They're arguing loudly. The man, a red-eyed insomniac in frayed denim jacket and jeans, insists that the machine must be destroyed before the Outsiders can interrupt the time flow again. The woman, a splash of red features on a canvas of ivory skin, sticks a pistol into his kneecap under the table. She connects to Mission Control via the comm-system installed in her brain and informs them that the last rebel has revealed himself. There follows gunfire and breaking glass, and screams from all the restaurant's patrons.
You don't notice any of it.
The protagonist is important. She's developed. Her story is the one in which you're invested. You don't care about Chef Lawrence in the kitchen, who will be fired if the manager searches his locker again. You don't care about the children walking down the alley behind the building, who are wandering into the path of a distracted delivery truck driver. You don't care about pregnant Emily or terminal Tim or the witch in the corner whose spell will open a dimensional rift and turn the entire city into a demonic playground.
You don't care because you haven't been told these things. From your perspective, they don't exist. But they're there--in every story, in every crowd. The protagonist doesn't recognize them because they're not developed--because they're not "important."
She's wrong.
They live all around you: in your books, your movies, your very life. They exist, and because of that, they are important. If you want to see their stories, all you need to do is open your eyes and look.
You won't.
In the restaurant, at a table in the back corner, the protagonist meets her man.
Finally, some action.
The End
This story was first published on Tuesday, September 10th, 2013

Author Comments

On one lazy weekend day a few months ago, I found myself having a hard time getting through the book I was reading and decided I should relieve my boredom by writing a story. The first thing that came to my mind was an opening line that said, "He's bored, so he writes a story." The second thing that came to my mind was, "Who the heck cares how bored I am?"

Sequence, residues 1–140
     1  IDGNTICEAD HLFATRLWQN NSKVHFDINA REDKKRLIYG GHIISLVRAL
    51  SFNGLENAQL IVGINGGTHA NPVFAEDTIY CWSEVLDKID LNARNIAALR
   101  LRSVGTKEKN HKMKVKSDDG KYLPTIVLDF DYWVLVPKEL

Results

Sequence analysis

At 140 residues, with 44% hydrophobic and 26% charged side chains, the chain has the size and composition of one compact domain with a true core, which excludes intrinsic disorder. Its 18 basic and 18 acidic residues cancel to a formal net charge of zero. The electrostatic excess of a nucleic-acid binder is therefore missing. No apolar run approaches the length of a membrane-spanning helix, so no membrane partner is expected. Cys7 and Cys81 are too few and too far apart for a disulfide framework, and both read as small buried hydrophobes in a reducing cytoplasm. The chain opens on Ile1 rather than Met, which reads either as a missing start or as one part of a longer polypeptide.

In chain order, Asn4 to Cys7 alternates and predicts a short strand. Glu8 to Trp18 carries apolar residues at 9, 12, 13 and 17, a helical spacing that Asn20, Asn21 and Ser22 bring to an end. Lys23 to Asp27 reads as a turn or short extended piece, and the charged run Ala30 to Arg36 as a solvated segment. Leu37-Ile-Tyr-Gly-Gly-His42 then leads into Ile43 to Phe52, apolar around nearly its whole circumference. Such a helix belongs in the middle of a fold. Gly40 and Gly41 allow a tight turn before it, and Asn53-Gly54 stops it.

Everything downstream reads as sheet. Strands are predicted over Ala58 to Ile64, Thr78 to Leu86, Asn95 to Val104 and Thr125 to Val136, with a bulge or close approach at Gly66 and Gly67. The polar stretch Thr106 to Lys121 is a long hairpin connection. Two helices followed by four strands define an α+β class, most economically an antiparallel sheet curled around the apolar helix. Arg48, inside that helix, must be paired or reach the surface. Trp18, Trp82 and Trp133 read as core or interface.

This led to another, more important question: just because potential readers don't know me--just because they don't have reason to care about the problem of my boredom--does that make it any less of a problem? I then started thinking about how everyone has their own daily hurdles and stories, but we only seem to care for the ones we hear about. I let the idea simmer for a few days, then wrote this story the old-fashioned way (pen and paper!) in about half an hour while lying in bed before turning off the light.

(And for those observant readers who noticed I didn't actually write this story on the day I was bored, you’re correct--the boredom was not cured. But I ended up getting my first DSF sale out of the deal, so I'm not going to complain.)

- Zach Shephard
Become a Member!

We hope you're enjoying Tunnel Vision by Zach Shephard.

Please support Daily Science Fiction by becoming a member.

Daily Science Fiction is not accepting memberships or donations at this time.

Rate This Story
Please click to rate this story from 1 (ho-hum) to 7 (excellent!):

Please don't read too much into these ratings. For many reasons, a superior story may not get a superior score.

5.4 Rocket Dragons Average
Share This Story
Join Mailing list
Please join our mailing list and receive free daily sci-fi (your email address will be kept 100% private):